After sucrose gradient ultracentrifugation, fraction 6 was enriched in intact α-granules, as demonstrated by western blot and IEM analysis. The presence of P-selectin in fraction 6 supported this finding, but fraction 2 also showed low expression of P-selectin, along with the dense granule marker CD63 [1]. The dense granules may have lost their contents and their density during fractionation. VWF also marked fraction 6 as being enriched in α-granules, and its abundance may have caused spillover into fractions 5 and 7. These results were confirmed using IEM, where fraction 6 contained primarily α-granules labeled with Glut-3. Fraction 2 contained high expression levels of GPIb, representing cell surface and OCS membranes, whereas fraction 4 contained small membrane structures possibly corresponding to membranes of the dense tubular system or other intracellular structures. Our finding of a small portion of GPIb decorating α-granules is consistent with previous reports by Berger et al. [42] and is supported by our MS results. On the basis of these results, we used fraction 6 for MS analysis.

To identify a protein in fraction 6, we required at least two of its peptides to be detected from at least two out of three gel experiments. Among the 284 fraction 6 proteins identified in this manner were peptides from 36 known α-granule proteins [4], including VWF, thrombospondin, FV, multimerin, and GPIIbIIIa. Several reported α-granule proteins, such as protease inhibitors, coagulation FVII and FIX, and cellular mitogens, were not detected in fraction 6, perhaps because they are present on α-granules only transiently, or they are heavily glycosylated or otherwise modified, or they are not readily digested or extracted from the gel, or they are present in low abundance.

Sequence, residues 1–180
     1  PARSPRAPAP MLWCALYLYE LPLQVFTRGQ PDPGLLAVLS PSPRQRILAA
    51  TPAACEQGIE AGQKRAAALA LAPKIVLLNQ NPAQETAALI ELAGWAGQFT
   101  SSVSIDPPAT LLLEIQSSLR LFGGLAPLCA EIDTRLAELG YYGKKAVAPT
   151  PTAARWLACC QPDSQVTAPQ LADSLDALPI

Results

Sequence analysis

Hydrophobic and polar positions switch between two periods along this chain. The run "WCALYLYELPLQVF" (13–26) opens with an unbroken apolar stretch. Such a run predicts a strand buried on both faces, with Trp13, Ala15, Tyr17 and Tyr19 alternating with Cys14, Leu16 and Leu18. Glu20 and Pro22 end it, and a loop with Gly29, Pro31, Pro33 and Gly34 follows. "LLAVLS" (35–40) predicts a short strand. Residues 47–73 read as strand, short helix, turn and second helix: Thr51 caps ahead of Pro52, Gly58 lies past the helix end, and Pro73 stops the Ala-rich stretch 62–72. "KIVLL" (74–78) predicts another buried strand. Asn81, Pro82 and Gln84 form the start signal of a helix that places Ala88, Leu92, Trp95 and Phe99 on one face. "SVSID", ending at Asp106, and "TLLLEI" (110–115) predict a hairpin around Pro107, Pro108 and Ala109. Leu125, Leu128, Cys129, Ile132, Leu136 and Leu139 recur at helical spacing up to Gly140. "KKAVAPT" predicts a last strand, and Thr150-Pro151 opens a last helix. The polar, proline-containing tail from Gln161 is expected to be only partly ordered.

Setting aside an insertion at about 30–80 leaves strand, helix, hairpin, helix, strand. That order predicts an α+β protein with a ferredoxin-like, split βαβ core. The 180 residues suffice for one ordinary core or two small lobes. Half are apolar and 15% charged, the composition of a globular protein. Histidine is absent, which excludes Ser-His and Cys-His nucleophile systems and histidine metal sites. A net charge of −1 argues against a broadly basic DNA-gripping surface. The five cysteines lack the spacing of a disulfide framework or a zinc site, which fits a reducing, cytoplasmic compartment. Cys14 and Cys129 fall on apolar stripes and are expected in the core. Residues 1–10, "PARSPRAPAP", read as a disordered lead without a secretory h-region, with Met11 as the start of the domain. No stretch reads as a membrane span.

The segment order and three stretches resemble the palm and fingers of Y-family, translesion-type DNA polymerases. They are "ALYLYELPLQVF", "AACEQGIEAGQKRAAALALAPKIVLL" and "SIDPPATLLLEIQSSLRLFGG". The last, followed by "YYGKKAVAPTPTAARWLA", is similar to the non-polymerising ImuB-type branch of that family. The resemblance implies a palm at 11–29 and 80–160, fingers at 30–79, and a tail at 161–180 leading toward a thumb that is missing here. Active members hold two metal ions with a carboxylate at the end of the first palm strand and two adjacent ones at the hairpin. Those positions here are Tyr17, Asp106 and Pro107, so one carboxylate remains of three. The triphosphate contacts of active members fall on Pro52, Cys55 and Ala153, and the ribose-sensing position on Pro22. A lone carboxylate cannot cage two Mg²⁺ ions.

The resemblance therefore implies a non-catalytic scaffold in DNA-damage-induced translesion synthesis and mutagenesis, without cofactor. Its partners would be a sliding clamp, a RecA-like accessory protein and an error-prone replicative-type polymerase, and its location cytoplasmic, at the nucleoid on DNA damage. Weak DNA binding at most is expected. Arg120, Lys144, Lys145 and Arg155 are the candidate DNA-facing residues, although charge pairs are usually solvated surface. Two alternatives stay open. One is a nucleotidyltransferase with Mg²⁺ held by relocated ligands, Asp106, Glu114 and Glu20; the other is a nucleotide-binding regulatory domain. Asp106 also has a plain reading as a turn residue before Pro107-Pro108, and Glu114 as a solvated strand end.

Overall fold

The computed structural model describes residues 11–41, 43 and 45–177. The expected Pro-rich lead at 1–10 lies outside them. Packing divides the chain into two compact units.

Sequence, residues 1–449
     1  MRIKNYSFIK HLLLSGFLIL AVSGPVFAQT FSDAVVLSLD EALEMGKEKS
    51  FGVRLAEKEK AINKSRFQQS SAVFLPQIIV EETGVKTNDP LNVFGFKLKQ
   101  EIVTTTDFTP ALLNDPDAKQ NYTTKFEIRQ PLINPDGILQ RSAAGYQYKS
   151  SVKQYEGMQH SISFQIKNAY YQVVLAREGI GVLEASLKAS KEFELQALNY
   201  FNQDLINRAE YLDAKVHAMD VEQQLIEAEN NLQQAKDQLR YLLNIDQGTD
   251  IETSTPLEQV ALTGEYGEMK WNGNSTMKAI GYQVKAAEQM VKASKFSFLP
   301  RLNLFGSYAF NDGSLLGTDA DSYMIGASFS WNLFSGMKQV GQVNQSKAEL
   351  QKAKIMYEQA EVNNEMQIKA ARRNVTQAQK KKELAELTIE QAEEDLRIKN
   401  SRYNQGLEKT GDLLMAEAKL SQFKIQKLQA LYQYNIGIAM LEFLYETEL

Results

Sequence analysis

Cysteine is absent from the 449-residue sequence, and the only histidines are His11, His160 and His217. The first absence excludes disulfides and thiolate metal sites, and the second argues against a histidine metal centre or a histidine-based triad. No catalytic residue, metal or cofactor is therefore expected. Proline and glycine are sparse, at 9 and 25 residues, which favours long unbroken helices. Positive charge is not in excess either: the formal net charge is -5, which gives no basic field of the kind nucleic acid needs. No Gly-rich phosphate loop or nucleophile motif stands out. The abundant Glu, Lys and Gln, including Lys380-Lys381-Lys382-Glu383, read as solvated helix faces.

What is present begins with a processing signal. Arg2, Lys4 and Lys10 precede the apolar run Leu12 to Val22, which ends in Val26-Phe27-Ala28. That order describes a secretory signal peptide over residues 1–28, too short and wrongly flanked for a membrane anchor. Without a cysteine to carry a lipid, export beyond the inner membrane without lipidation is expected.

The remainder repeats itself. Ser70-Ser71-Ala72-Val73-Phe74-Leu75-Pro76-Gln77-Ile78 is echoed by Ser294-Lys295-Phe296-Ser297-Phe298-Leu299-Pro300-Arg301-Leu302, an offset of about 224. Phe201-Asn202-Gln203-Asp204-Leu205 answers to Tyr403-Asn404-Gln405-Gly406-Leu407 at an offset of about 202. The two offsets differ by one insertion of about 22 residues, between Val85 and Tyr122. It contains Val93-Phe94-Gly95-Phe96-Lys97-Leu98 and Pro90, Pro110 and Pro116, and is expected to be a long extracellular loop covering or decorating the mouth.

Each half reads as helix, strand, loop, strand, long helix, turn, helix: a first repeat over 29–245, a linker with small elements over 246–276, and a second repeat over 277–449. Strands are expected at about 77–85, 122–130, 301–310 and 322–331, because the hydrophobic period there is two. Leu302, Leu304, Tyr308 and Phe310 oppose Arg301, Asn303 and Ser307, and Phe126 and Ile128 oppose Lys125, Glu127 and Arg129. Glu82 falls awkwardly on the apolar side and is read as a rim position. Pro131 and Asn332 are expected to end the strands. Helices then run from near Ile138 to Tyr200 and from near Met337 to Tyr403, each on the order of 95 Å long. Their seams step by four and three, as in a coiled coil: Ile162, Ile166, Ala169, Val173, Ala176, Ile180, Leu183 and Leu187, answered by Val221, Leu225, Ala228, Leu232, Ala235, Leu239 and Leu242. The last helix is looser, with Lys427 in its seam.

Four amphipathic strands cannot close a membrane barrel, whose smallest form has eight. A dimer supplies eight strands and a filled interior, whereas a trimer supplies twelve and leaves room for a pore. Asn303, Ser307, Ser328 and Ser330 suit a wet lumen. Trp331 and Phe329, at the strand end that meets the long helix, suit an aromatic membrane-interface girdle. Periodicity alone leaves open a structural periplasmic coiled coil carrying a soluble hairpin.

We generated a list of 44 potentially new α-granule proteins, including several involved in Alzheimer’s disease (AD), such as 3-hydroxyacyl-CoA dehydrogenase type 2, alcadein α-1 (calsyntenin 1), amyloid-like protein 2, C3 g fragment, clusterin, Nck-associated protein 1 (NAP 1), platelet-type lipoxygenase 12, PKM2 protein, and transketolase. Of these, only C3 g and clusterin (secreted proteins) were found in the platelet releasate. All others are membrane-bound proteins, reflecting the advantage of our methodology. The use of platelets as a diagnostic tool for differentiating AD from other forms of dementia has been reviewed by Cattabeni et al. [43], who proposed the use of a platelet amyloid precursor protein (APP) ratio. It follows that other proteins identified in platelet α-granules by MS may merit further study in AD. In addition, our α-granule-enriched fraction may be useful in immunoprecipitation studies to find AD protein interacting partners or lower-abundance proteins. Other interesting proteins in the α-granule fraction include those involved in vesicle transport (Rab11B, Rab27B, and NipSnap3A), cell shape and motility (F-actin capping protein, guanine nucleotide-binding protein α13 subunit) and atherosclerosis (endothelin-converting enzyme 1) (see also Supplementary Table S1).

Several proteins identified in fraction 6 by MS were localized to the α-granules by IEM for the first time. Scamp2, a conserved, four-transmembrane-spanning protein associated with recycling vesicular carriers, was recently suggested to function in membrane fusion. To our knowledge, Scamp2 has not been shown in platelet α-granules. Rather, Guo et al. [44] demonstrated that Scamp2 may function as a late-acting inhibitor of exocytosis in mast cells; it is also present in the plasma membrane, colocalizing with SNAP-23 and syntaxin 4. Therefore, Scamp2 may function in the exocytosis of platelet α-granules.

Laminin α-5 chain (also termed LAMA5, LNα5, laminin 10/α5β1γ1) is a ∼350-kDa protein that promotes the adhesion of vascular endothelial cells, hematopoietic stem cells, lymphocytes, and neutrophils. Mice lacking LNα5 die in late embryogenesis [45]. Nigatu et al. [45] found that LAMA5 is secreted by activated platelets and participates in adhesion via integrin α6β1. They suggest that LAMA5 is in α-granules and may provide a ‘provisional’ extracellular matrix upon secretion in order to assist in wound healing after injury. Our study confirms that LAMA5 is present in platelet α-granules.